WASHINGTON — The State Department and a House panel are working on an alternative date for Secretary of State John Kerry to testify about information related to the deadly attack in Benghazi, Libya, ending the immediate threat of a subpoena for a member of President Obama's Cabinet.
Rep. Darrell Issa, chairman of the House Oversight and Government Reform Committee, had subpoenaed Kerry to testify on May 21 about the administration's response in providing emails and other documents to the panel investigating the Sept. 11, 2012, attack. Kerry is scheduled to travel to Mexico next week.
“The State Department has told the Committee that they are committed to finding an alternative date in the near future for Secretary Kerry to testify before the Oversight Committee,” Frederick Hill, a spokesman for the panel, said on Monday. “As such, Chairman Issa agreed to lift the subpoena obligation for May 21.”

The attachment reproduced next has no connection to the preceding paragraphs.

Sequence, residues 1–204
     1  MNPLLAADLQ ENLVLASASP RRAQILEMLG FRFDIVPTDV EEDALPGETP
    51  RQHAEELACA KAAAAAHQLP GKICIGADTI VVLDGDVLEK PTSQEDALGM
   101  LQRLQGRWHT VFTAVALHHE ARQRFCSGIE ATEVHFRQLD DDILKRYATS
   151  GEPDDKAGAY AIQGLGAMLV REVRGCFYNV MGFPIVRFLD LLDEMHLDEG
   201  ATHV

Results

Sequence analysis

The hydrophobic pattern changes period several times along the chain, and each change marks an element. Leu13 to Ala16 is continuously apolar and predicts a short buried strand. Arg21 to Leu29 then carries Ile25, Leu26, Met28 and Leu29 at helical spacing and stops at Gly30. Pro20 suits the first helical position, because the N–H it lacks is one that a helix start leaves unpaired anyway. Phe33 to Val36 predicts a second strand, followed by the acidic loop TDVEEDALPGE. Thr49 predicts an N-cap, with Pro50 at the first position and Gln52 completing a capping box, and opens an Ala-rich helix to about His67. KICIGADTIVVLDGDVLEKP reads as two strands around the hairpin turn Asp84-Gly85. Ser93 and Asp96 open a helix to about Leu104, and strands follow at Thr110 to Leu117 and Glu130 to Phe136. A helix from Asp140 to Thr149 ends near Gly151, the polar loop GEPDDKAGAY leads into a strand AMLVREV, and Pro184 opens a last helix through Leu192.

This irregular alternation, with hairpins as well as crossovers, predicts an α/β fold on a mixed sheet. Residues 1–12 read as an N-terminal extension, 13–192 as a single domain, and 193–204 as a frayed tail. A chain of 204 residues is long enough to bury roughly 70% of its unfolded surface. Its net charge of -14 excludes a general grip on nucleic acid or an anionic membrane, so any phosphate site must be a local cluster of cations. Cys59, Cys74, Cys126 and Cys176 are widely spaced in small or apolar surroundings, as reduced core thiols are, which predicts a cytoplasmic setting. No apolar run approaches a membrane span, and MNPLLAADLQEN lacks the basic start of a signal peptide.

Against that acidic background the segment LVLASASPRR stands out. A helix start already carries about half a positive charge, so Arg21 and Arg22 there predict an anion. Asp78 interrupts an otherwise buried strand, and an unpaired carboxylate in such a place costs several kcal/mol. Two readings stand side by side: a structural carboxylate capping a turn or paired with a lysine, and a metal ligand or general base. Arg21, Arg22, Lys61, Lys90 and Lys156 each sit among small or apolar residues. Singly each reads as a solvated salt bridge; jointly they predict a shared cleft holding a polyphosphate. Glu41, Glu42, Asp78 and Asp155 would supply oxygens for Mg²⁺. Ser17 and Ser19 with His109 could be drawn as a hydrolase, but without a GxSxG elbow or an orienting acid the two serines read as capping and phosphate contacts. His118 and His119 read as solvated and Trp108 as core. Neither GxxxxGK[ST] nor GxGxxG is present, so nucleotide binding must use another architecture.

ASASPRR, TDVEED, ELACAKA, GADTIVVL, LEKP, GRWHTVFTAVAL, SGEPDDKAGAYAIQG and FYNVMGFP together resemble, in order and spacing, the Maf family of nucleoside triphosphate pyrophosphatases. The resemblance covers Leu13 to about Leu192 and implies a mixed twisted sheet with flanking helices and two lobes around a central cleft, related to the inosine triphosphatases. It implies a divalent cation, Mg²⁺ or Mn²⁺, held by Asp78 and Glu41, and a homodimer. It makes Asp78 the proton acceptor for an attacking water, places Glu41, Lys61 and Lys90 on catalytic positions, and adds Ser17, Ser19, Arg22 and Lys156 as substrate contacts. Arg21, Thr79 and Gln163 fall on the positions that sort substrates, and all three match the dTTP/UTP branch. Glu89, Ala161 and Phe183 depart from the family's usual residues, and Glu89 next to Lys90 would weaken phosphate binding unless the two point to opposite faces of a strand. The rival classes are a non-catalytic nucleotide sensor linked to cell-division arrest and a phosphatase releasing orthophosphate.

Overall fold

The Oversight Committee is pressing ahead with its investigation even as the House established a new select committee to conduct an inquiry into the assault that killed four Americans, including Ambassador Chris Stevens.
In the Senate on Monday, Democrats blocked a Republican push for a joint House-Senate investigation.
Sen. Ted Cruz, R-Texas, sought support for the Senate to participate in the inquiry. Democratic Sen. Bob Menendez of New Jersey objected, saying the probe is politically motivated and without merit.
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